In brief — big, blocky shapes do not print fast, but they tend to cut quickly. Additive would better shine on those designs where you'd pick the pen instead of the scissors.

Gives Consistent Material Properties

The next area where CNC outperforms 3D printers is in delivering reliably consistent material properties. To extend our grade school crafts analogy a step further, you may end up with a perfectly black circle if you precisely filled it in with your pen. However, there's also the possibility that the ink didn't flow quite right at a given moment, or you missed a spot ever so slightly because you had a hiccup. In contrast, if you cut the corners off of a piece of paper that you already can see is black, there's not much guess work.

With 3D Printers, you are oftentimes melting material on the fly. Sometimes you're setting a shape with a binding agent and curing that part's material properties in a secondary step — there are a few other ways as well. However, the main takeaway is that additive manufacturing typically establishes the material characteristics of the part on the fly as you reconstitute the matter in the build chamber. In contrast, with machining, you are simply chipping away from a forged piece of material billet. The material properties of that raw stock are already checked and confirmed.

All of this is not to suggest that 3D printers cannot deliver production parts that can meet and exceed the needs of many real-world applications. In fact, 3D printed parts consistently deliver material properties on par with or superior to cast parts, and you likely know that castings are literally EVERYWHERE. But it is to say that there are variables in play with 3D Printing (and casting) that don't exist to the same extent with CNC Machining. Microstructural features (like porosity and grain orientation) matter much more, especially as it relates to parts that experience high cycle fatigue. You may want to consider post-process solutions like Hot Isostatic Pressing.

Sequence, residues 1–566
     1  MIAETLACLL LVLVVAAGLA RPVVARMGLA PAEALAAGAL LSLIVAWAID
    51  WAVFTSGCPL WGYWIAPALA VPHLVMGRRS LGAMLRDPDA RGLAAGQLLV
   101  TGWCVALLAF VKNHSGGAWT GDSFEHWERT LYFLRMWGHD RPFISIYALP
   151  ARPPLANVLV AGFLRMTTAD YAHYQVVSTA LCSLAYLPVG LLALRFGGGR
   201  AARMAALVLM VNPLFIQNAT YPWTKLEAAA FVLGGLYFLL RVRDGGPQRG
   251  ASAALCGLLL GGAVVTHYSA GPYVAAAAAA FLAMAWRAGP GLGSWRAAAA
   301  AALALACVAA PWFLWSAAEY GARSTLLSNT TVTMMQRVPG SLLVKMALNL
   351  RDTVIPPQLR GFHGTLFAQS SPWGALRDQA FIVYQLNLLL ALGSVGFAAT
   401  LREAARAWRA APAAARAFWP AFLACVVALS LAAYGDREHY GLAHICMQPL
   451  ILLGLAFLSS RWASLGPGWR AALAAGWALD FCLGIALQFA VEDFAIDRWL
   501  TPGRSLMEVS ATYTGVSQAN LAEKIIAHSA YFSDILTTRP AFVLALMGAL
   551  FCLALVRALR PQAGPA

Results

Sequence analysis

Offers a Better Material Selection

3Diligent Water JettingA fourth way in which CNC Machining still kicks 3D Printing's butt is in material selection. It should be noted that 3D Printing is making tremendous strides in this area — and in fact certain materials that cannot be manufactured with any other process are now becoming available to 3D printers. Things like custom alloy powders are being developed just for the powder bed fusion 3D Printing process, for instance, that outperform conventional stock casting or CNC materials. With that being said, machining still currently offers a much wider variety of material options than 3D Printing. Materials like brass, for instance, are machinable and not generally available to the world of Additive Manufacturing. The same holds true in the polymer world. Whereas polyethylene, polypropylene, and acetal (Delrin) are viable options for a capable machinist, printing in those materials is still not heavily commercialized. To the extent that those materials are available in market, it is on a relatively niche basis for specific machines.  The tradeoffs of different 3D Printing processes is a discussion for a different day though.

So Is CNC Machining Better Than 3D Printing?